It is not every time that we use our mouth for something that we ask, “is this actually okay for my teeth?” Whether it be eating, speaking, gum chewing, or holding something in our mouth while our hands are full, what can we absolutely afford NOT to do?
Our most prominent orifice, the mouth is not only one of our primary forms of expression (speaking), but how we receive over 90% of our nutrients (from food). If you are going to take extra care of one area of your body, make it your chomper! Did you know that almost every fatal disease has an oral symptom? Both the mucous lining and saliva glands work together to keep the mouth lubricated and the absorbing qualities of the mouth tissue alive. What is then gleaned from lamina propria (the connective tissue) is absorbed through what is called the facial vein. This means that whatever properties go into your mouth can enter into your bloodstream without even having to be swallowed.
Here are some simple things you can avoid doing to protect your pearly whites. Encouraging your children to do the same and stopping bad habits now (especially nail-biting) may save a lot of grief down the road. Although most of these do not cause immediate harm, many can affect your smile over time. We have already talked about a lot of these habits in previous articles, so feel free to click on them for further reading.
Bruxism is just the scientific word for teeth-grinding. Despite the fact that tooth enamel is the hardest substance in the body, it can obviously still wear out. This can be attributed to the fact that the human jaw is incredibly strong – up to 150 lbs of power! If you are in the habit of grinding your teeth every night, this can eventually take its toll. Those who are diagnosed do not know they even had the condition until a parent or spouse tell them. Talk to your doctor about a mouth guard that repositions the jaw so that air is still passing through. Often bruxism is caused by not being able to breath properly during sleep. The most common symptoms are molars that appear to be worn down, as well as jaw and tooth pain. If the problem persists, talk to your doctor or dentist and they will have a preferred solution that they would recommend.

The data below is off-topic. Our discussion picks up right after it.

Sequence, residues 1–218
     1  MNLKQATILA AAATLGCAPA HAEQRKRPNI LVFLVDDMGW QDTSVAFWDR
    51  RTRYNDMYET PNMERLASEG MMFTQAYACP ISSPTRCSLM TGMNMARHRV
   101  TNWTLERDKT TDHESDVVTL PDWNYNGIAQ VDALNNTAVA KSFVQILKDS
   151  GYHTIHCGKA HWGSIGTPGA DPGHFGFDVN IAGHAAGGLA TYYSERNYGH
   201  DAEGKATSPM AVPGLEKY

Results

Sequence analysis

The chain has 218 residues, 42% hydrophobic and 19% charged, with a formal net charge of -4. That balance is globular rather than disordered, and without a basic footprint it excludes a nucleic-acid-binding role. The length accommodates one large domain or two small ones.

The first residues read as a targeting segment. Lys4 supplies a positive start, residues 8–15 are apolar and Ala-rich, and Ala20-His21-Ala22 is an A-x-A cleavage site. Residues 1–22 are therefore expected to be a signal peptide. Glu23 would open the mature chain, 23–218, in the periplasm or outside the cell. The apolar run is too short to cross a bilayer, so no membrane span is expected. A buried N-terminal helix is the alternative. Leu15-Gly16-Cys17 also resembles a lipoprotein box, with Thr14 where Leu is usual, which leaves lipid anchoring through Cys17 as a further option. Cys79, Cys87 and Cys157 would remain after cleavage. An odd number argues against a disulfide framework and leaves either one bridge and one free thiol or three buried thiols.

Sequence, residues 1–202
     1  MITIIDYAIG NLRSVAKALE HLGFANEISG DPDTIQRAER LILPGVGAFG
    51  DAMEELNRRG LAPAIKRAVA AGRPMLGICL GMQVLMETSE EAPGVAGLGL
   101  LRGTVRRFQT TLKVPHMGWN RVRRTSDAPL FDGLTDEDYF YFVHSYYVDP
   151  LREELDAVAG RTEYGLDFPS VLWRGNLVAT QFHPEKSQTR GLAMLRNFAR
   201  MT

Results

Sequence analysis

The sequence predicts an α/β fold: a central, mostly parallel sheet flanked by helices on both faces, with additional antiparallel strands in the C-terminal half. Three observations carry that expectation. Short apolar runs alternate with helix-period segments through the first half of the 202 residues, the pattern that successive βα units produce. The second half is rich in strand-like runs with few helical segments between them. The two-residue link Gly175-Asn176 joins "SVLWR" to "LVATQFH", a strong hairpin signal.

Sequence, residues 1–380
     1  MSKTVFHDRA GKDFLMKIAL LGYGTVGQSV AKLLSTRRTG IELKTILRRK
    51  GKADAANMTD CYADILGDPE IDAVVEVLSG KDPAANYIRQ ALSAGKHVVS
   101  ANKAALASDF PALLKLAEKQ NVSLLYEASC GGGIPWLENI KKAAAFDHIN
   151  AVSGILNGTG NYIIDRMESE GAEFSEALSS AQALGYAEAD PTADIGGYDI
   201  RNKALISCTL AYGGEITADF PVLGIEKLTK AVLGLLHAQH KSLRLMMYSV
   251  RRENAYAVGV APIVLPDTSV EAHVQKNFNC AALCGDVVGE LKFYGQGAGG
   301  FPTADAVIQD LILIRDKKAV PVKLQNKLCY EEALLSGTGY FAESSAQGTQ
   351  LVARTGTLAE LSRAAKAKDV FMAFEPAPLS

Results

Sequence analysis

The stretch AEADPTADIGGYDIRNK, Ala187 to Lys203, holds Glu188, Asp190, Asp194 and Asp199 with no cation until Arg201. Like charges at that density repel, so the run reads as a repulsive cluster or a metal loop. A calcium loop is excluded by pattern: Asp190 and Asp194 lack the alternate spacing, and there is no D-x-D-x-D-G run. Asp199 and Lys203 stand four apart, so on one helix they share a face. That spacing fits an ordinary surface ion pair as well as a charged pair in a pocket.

This could mean acid contact firsthand; found in consumables like soda pop, citrus fruit, coffee, or even stomach acid if you suffer from heartburn or are prone to vomiting. Acid wears down the enamel, the outer protection of the teeth, which can cause cavities and decay. However, eating sugar and carbs excessively and neglect can do this as well. Why? Because when these particles come into contact with saliva they break down into glucose and fructose. This gradually turns to plaque if it is not brushed away, which can also cause decay.
Very common in infants, prolonged thumb-sucking as well as extended use of a pacifier can cause teeth to grow in crooked. Although doctors and child care professionals disagree on the best time to wean these habits, it all comes down to whether or not it is negatively affecting baby teeth in their growth. Baby teeth create a “path” for adult teeth to grow in. If they are misaligned, so the adult teeth can be.
4. Chewing on ice
It may seem harmless, right? Regardless of the fact that it is sugar and carb free, ice is still an incredibly hard substance which, when chewed can cause chipping or damage to existing dental work. Doctor Richard Price of the American Dental Association on the matter of chewing ice reminds us that “even your blender needs special blades to crush ice.
Do not pick at your teeth with any sharp, metal or otherwise hard object (toothpicks and things of that nature are fine, as long as they do not hurt your gums). It may seem like a no-brainer but only the dentist should be poking around with a periodontal probe or dental hook. These are stainless steel and can cause serious harm. Dentists have special training in this, so don’t try this at home!
6. Using them as a tool
Doctor Price also says, “Teeth are not pliers, teeth are not hooks.” Out of sheer laziness we commonly rely on our mouths to do a job that would require reaching for the scissors or into the toolbox to do. This cannot only cause chipping, but cracking as well which can be very painful. Our teeth are not designed to bit and clench down on hard plastic or metal. This also goes for nail-biting as well!
7. Brushing too hard
If you tend to go a little heavy-handed on the brushing, you may need to invest in a toothbrush with softer bristles. These usually cost the same as a regular toothbrush. Brushing too hard can irritate the gums and even wear down enamel, leading to more issues down the road. The bristles dragging across the gums repeatedly can cause small abrasions on the gums which can also get infected and cause sores.
While these seven appear to not be of any issue at first glance, they can definitely cause problems if made a regular occurence. Be aware of these and be on the lookout for your children potentially developing these habits. It is all to maintain a lifelong, healthy smile!